13 AUGUST 1887, Page 26


None of the more recently established magazines can be said to have better justified its existence, or to have more clearly made oat a right to longevity, than the English Historical Review. The new number contains three special articles of great interest, besides reviews

of books which. are quite as important as articles—e.g., Lord Acton's paper on "Seeley and Ropes on Napokon"—and fresh historical investigations under the bead of "Notes and Documents." Of these last, perhaps the most notable is Mr. R. Nisbet Bale's on the fresh information which has been dragged into the light regarding the assassination of Gustavus III. of Sweden. Mr. Freeman is seen at

his best in an article on "Aatius and Bondace,"—that Aetius the Conant to whom "the groans of the Britons" were addressed, who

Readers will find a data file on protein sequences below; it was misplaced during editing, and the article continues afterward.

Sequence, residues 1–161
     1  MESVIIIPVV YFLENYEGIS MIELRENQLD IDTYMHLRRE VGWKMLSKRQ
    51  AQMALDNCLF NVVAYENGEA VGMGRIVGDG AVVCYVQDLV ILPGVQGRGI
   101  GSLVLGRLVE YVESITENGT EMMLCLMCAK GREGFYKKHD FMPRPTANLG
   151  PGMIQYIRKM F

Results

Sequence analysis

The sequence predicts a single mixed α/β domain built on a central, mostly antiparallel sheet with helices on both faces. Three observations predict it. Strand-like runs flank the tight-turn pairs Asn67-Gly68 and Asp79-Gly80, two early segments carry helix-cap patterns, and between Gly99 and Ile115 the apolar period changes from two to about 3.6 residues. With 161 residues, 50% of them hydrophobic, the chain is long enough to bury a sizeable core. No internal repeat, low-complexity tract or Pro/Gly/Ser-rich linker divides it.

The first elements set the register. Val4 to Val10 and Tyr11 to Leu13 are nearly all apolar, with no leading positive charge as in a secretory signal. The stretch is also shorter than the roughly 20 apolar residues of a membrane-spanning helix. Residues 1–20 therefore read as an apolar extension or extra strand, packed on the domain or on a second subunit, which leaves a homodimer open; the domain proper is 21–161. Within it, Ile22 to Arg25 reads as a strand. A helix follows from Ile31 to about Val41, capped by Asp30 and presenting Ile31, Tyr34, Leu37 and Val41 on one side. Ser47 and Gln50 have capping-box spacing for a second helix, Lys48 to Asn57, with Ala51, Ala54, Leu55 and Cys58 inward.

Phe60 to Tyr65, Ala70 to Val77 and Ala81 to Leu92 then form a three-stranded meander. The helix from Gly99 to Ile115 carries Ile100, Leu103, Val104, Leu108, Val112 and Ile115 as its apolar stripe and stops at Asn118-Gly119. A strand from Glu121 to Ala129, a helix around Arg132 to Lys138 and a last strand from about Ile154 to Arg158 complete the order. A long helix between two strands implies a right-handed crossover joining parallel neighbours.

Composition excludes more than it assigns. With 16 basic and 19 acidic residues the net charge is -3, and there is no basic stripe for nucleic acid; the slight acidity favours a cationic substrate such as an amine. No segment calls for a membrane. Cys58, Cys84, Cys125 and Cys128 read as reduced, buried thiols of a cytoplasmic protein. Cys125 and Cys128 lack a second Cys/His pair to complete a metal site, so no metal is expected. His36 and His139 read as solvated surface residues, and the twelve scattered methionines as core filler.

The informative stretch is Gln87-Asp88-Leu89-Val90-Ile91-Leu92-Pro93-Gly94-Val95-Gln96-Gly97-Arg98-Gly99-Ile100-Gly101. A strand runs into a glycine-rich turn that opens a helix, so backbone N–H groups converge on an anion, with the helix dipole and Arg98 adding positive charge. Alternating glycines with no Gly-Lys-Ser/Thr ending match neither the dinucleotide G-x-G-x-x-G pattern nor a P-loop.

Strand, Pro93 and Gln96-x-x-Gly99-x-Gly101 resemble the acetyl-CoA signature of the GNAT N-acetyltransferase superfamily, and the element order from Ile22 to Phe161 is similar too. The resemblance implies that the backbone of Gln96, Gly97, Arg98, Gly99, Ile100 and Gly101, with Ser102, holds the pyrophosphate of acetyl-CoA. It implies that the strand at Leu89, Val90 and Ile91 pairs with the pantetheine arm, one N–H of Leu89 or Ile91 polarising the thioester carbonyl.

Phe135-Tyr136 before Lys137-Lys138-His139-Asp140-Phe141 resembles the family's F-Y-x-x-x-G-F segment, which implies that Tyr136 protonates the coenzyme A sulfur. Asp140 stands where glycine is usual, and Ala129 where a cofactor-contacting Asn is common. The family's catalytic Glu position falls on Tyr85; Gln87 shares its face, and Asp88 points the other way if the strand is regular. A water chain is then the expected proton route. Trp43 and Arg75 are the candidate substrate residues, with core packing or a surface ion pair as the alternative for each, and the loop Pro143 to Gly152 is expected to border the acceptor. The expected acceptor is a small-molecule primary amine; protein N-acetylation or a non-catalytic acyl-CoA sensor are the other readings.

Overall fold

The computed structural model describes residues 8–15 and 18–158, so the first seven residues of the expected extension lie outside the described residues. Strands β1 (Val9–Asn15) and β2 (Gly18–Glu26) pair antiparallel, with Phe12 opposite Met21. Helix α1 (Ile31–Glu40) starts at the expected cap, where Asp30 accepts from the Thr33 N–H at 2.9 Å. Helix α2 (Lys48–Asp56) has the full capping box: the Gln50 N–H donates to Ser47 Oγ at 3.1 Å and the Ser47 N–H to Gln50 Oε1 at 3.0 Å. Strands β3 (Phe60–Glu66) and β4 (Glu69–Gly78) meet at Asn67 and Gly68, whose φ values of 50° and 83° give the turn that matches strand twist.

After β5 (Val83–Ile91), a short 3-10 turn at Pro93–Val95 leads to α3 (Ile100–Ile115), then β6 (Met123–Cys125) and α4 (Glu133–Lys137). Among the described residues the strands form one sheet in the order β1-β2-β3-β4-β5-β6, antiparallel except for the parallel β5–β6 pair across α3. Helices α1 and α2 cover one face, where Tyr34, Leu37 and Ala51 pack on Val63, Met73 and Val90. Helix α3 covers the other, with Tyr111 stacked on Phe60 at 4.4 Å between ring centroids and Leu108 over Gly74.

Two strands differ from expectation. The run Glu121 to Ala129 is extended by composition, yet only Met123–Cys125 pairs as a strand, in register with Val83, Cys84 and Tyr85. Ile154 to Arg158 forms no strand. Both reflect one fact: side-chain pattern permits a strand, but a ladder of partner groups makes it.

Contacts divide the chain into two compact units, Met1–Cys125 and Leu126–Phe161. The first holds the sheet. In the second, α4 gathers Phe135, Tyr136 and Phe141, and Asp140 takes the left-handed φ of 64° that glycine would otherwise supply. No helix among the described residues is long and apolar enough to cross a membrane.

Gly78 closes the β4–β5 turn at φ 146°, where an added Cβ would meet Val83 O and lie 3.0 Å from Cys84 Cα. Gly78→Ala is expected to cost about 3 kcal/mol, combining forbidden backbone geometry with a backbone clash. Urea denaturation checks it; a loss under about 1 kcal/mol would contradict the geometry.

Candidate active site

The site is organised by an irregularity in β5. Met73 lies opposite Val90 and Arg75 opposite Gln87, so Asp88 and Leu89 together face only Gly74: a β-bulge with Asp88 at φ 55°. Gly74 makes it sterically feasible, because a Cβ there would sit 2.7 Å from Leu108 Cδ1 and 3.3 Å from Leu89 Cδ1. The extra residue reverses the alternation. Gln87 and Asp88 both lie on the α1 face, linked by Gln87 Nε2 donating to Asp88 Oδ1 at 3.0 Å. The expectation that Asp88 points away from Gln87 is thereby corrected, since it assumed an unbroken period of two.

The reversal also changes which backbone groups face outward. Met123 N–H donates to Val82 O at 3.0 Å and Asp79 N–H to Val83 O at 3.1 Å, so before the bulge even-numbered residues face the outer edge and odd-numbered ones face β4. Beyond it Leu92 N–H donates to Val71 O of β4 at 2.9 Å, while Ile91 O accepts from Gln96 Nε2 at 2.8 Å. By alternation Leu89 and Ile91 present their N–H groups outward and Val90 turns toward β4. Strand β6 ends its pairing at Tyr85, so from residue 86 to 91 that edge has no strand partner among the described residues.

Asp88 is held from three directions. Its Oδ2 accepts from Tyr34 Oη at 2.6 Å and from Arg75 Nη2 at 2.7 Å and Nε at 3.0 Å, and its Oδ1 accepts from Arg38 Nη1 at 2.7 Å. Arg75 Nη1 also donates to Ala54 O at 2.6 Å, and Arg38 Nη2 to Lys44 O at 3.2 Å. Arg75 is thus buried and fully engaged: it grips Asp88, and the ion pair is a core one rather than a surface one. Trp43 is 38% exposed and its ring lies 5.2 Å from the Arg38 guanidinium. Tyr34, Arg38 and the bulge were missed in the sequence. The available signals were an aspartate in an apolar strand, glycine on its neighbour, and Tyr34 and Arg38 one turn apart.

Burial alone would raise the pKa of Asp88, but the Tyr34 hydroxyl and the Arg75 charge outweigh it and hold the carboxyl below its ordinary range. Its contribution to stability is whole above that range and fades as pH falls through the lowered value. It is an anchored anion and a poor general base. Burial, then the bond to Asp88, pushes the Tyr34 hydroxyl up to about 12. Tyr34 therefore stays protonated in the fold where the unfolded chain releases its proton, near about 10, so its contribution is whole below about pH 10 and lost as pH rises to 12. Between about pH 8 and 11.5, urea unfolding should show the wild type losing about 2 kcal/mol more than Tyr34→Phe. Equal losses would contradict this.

played very nearly as important a part against Attila as did Stilicho against Alaric, and who died very much as Stilicho died. It is tur attempt, as he sap, "holding the account of Pr000pins as it stands, to be legend of the sixth century, and not trustworthy history of the fifth, to try to recover the true story as it may be put together from the annalipts, the writings of Saint Augustine, and other more trustworthy authorities." Mr. Freeman shows all his usual capacity for the weighing of historical evidence; and while his paper is in a sense controversial, there is nothing in it of a personal or aggressive character. Besides this paper, and an interesting topographical essay on "Byzantine Palaces," by Mr. Theodore Bent, Mr. Oscar Browning contributes to this number of the Review an article on Queen Caroline of Naples, wife of Ferdinand IV., based on nearly thirty letters addressed by her between March, 1812, and April, 1813, to Mr. Robert Fagan, who was Consul-General in Sicily in the beginning of the century. These are fall of denunciations of Lord William Bentinck, who acted at the time as civil and military governor of the island in the interest of England and her allies against Napoleon. Mr. Browning declines to say whether the Queen or Lord William was in error in respect of the dispute between these; but the readers of his well-written paper will hardly fail to come to the conclusion that Lord William, although as just and upright a British official as ever lived, would have suc- ceeded better in Sicily bad he been a little less suspicious, and a little more conciliatory in his deaTuage with a physically weak woman, who was, moreover, a true daughter of Maria Theresa.